Originally Published 16 March 2011

Last week, I finished my run through Condemned: Criminal Origins. It had been in my 360 since before the holidays, but I’d been distracted by other things and just got around to finishing it.

The PC in Condemned is a law enforcement officer with a track record of capturing serial killers. Lately, however, he has been in a slump. The last few killers that he had been investigating have apparently gone to ground, their trails ice cold, soon after he begins pursuing them. The game starts with him doing an investigation into a new killer.

Soon into the investigation of the most recent murder scene, the PC is ambushed and has his gun stolen. The thief makes various comments that seem to allude to a greater knowledge of the PC before running off. Said thief very soon kills two police agents with the PC’s gun and leaves him wanted for two cop killings. The PC then flees to pursue the real killer, find the missing serial killer (who doesn’t seem to be the same person as the one who took his gun) and to clear his name.

Although the plot of the game sounds as good a starting point as any, the later end of the plot quickly decays into a rather disjointed mess as (insufficiently explained) supernatural forces begin to pop up as the ultimate root of all the madness. This is compounded by the fact that–although the PC is ostensibly being driven to clear his name for two murders–by the time even the first level is completed, he has murdered at least a dozen people. To me, this made deep motivations very unclear.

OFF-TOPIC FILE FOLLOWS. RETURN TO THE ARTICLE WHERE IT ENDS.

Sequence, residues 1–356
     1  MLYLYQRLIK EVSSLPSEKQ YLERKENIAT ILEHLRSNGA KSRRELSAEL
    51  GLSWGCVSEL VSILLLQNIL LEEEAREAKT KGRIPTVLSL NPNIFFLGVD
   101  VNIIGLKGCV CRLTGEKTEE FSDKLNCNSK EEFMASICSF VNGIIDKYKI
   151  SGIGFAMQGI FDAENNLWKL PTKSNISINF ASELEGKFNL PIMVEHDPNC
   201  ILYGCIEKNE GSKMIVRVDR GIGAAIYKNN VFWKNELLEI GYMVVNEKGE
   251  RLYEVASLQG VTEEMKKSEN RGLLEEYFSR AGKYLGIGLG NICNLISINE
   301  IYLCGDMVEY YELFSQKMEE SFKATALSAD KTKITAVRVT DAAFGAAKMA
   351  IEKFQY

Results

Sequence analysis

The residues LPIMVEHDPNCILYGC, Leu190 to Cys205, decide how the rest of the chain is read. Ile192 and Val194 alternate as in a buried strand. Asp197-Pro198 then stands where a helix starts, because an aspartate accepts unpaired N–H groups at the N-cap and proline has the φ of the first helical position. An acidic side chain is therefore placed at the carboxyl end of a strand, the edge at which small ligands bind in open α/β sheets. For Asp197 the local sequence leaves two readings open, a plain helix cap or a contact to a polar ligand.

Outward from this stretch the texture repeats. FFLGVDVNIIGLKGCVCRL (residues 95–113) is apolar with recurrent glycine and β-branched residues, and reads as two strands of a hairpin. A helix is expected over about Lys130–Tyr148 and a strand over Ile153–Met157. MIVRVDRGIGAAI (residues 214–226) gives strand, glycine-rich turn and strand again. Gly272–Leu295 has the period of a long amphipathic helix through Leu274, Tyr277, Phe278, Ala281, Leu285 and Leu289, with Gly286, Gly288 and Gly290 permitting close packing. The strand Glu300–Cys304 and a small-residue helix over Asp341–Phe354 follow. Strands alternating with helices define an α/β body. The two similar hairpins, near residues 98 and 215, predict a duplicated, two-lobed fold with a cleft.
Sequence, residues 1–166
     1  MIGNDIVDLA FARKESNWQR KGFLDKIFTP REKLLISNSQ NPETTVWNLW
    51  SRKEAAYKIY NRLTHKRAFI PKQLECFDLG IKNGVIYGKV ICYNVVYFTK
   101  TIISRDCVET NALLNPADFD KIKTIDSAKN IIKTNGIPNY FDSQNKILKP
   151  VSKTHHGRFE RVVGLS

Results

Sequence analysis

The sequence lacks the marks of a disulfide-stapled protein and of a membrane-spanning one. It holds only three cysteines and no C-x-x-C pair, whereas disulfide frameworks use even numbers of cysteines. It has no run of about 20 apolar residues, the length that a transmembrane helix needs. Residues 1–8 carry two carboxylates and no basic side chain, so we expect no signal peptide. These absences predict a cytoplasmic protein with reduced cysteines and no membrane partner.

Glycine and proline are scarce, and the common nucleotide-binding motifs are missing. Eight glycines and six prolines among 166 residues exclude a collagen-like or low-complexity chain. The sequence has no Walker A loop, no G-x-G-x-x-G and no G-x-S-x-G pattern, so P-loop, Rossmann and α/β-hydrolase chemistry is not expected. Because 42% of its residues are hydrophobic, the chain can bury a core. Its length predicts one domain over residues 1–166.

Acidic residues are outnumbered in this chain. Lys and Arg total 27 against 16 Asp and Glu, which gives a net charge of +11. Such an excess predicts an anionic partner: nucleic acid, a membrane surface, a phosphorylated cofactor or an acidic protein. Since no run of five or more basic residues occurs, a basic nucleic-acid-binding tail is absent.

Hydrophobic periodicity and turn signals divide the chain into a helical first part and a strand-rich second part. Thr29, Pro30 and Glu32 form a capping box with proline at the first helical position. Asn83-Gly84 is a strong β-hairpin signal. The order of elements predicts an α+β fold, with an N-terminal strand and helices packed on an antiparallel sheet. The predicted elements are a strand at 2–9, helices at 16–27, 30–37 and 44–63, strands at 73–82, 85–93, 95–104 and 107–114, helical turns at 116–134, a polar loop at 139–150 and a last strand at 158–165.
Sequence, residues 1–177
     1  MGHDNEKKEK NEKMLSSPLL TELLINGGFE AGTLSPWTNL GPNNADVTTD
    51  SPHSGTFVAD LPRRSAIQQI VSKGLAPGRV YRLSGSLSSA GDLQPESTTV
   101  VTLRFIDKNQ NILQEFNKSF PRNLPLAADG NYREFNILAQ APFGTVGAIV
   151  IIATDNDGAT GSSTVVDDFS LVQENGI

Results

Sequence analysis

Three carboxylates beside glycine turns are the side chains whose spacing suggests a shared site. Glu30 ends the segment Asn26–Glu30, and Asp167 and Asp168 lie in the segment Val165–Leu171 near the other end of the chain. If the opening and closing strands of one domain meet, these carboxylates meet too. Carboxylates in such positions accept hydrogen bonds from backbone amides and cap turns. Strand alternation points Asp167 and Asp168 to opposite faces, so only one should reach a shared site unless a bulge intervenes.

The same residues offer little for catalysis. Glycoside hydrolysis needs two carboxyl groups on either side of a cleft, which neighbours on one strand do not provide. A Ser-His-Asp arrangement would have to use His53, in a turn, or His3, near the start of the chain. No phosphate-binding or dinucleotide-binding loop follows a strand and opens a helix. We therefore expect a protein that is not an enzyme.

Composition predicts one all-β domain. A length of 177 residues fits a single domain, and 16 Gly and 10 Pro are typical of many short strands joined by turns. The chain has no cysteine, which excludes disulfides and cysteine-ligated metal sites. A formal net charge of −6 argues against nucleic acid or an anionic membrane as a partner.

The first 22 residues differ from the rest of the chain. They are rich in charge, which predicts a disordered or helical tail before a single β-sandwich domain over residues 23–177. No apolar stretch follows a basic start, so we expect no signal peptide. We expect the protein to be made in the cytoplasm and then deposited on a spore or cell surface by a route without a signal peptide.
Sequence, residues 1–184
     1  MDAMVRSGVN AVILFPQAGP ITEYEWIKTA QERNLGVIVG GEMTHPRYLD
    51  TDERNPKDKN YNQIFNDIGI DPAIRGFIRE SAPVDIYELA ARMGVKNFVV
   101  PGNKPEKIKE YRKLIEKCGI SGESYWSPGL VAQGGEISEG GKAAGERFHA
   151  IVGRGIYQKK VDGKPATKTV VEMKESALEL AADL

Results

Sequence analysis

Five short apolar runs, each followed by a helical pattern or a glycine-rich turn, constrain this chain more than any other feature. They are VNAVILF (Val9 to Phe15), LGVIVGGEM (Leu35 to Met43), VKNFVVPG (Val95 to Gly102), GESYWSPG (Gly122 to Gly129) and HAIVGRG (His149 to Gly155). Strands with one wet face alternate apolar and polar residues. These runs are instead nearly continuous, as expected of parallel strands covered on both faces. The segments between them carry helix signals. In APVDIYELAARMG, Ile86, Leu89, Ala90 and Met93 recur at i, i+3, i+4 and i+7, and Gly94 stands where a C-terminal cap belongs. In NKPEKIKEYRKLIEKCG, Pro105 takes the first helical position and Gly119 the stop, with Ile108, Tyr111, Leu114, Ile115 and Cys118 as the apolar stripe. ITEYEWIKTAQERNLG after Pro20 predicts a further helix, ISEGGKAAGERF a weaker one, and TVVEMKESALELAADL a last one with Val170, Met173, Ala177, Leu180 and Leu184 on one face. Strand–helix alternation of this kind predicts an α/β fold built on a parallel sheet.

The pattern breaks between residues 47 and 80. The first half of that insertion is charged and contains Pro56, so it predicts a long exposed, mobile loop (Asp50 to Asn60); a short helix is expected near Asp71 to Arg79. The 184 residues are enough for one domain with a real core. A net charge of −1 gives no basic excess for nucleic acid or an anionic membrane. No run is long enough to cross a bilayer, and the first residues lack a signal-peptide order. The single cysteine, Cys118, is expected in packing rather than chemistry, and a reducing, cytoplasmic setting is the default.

Condemned is a mess, gameplay wise. The game uses a first person perspective, but uses melee combat as the most common form of interaction with enemies. This style choice results in rather frustrating interactions if you get surrounded or are hit from behind and have to very slowly pan around with the analog stick. Furthermore, the game is deliberately drawn out by the insufferably slow moving speed of the character. The game also uses a checkpoint/autosave as its primary method of saving. While nice in theory, Condemned’s checkpoints store complete game state, so if you were two steps ahead of an enemy who is about to stab you to death, you’re stuck being stabbed to death every time you load (unless you choose to restart the level of course).

It also doesn’t help that the game probably would have looked at home on the Dreamcast. Although I understand that it is a five year old game and an early title in the current generation, but it has aged very poorly. Consider that Jade Empire, Devil May Cry 3, and Prince of Persia: The Two Thrones are contemporaries and consider in that light. It also mostly takes place in badly lit sewers or abandoned buildings, resulting in a lot of generic, gray/brown, destroyed levels.

There wasn’t much for me to like here. I tend to enjoy and seek out horror games, but this was yet another game that attempts to startle rather than to induce an actual environment of fear and apprehension.

Condemned: Criminal Origins: 0

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